Retrospective>>honda And The British Touring Car Championship

Honda UK have been present in the British Touring Car Championship for many years, so as a follow up to our Honda Retrospectives, let's take a look at Honda and the BTCC.

Honda first entered a team in 1995 when they partnered with MSD to develop a British Touring Car just as the SuperTouring era was taking off, with James Kaye and David Leslie behind the wheel. 

In 1997, Prodrive built a new car for Honda. Gabriele Tarquini and James Thompson were the drivers. In three years, Honda had Kenwood, Clarion and Pioneer as sponsors!

The older chassis' were handed down to privateers with Rob Gravett taking the BTCC independents Trophy. A number of privateer entries had competed in previous years including Ray Armes in his Honda Civic.

1999 saw the debut of the next generation of the European Accord. Developed by West Surrey Racing (WSR), these cars, along with JAS Motorsport machines in Europe helped Honda move up the grid. The team finished 2nd in the championship.

2000 was the last to be run under Super Touring regulations and despite WSR and Honda’s best efforts, they finished 2nd in the Manufacturers' Championship and 3rd in the Teams' Championship. A certain Tom Kristensen joined Tarquini and Thompson in the team.

With new regulations, Honda took a year out and partnered with Arena International to create the Honda Civic Type R ‘BTC’ racer. This was a very well engineered car with Andy Priaulx taking a win in its debut season.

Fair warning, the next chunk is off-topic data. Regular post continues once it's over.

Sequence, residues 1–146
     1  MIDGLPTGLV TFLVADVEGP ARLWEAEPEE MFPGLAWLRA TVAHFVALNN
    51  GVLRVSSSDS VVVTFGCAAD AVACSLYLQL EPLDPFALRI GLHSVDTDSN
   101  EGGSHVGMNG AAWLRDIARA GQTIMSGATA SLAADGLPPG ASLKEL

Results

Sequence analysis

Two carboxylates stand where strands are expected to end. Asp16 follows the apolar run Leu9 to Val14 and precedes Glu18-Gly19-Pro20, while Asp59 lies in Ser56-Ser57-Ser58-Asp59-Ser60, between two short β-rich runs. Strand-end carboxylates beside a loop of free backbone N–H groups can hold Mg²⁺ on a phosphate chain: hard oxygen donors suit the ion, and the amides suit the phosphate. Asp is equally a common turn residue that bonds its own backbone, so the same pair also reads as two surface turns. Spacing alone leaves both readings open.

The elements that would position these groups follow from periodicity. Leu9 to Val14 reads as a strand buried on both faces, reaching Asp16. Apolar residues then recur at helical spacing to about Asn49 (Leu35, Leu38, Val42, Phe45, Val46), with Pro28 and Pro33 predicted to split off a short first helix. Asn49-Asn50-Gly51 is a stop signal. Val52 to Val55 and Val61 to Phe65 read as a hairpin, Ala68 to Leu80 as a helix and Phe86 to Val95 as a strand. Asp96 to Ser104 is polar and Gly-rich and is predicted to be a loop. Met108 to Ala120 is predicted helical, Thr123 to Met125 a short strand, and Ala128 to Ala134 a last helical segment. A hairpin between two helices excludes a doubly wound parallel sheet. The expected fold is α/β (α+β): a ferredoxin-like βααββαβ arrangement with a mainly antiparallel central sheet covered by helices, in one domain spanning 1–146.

Arena continued to develop the Civic over the next few years, with the older chassis going to Team Dynamics. Both teams were relatively successful taking wins.

During this era, the BTCC also had a Production Spec Class with a number of teams running older Honda Accords and DC2 Integras. This is the Barwell Motorsport Accord, driven here by Mark Lemmer.

Fast forward to 2005 and the latest generation Honda Integra made its debut. This car was developed from the Arena Built Civic by Team Dynamics and proved much more aerodynamic than the Civic which was nicknamed the ‘bread van’.

Rival teams were far from impressed as this car was not available in the UK.

The DC5s were very well engineered and pushed the boundaries. Matt Neal won the 2005 and 2006  BTCC Championship, despite being an Independent Entry.


The Arena International Civic was still competive in the hands of Tom Chilton, taking four wins in the 2005 season…


…And continued to be used for many years before being handed down to privateers.

Its last outing was with Matt Hamilton last year.

Team Dynamics developed an all-new Civic for 2007, using the European Type S as a basis.

The car took a while to be truly competitive but did win on its first race weekend. 

You can read more about the first version of this car in one of our earliest posts.

As before, the older Integras were sold to privateers with some success. In recent years, Paul O'Neill has been very impressive in the Integra.

Meanwhile, John George was checking how it flies.

The TD Civics had many different looks over the years. With little sponsorship, these black cars appeared in 2009.

Honda brought in Johnny Herbert for some PR, but with little Front Wheel Drive experience, the Grand Prix winner struggled.

After a lackluster 09, Honda UK increased their involvement in 2010 with Team Dynamics finally becoming a works team. The iconic Honda white and red returned.

Today, Team Dynamics continues to use the Civic which now runs the new NGTC class engine, a turbocharged 1.6 litre unit.

Matt Neal is currently 2nd in the championship, having won two of the six rounds. Team mate Gordon Shedden has also taken a podium. Rounds 7-9 take place this weekend at Thruxton.

- Andy Blackmore

Photos:, PSP Images/Peter Still Photography, Jonathan Moore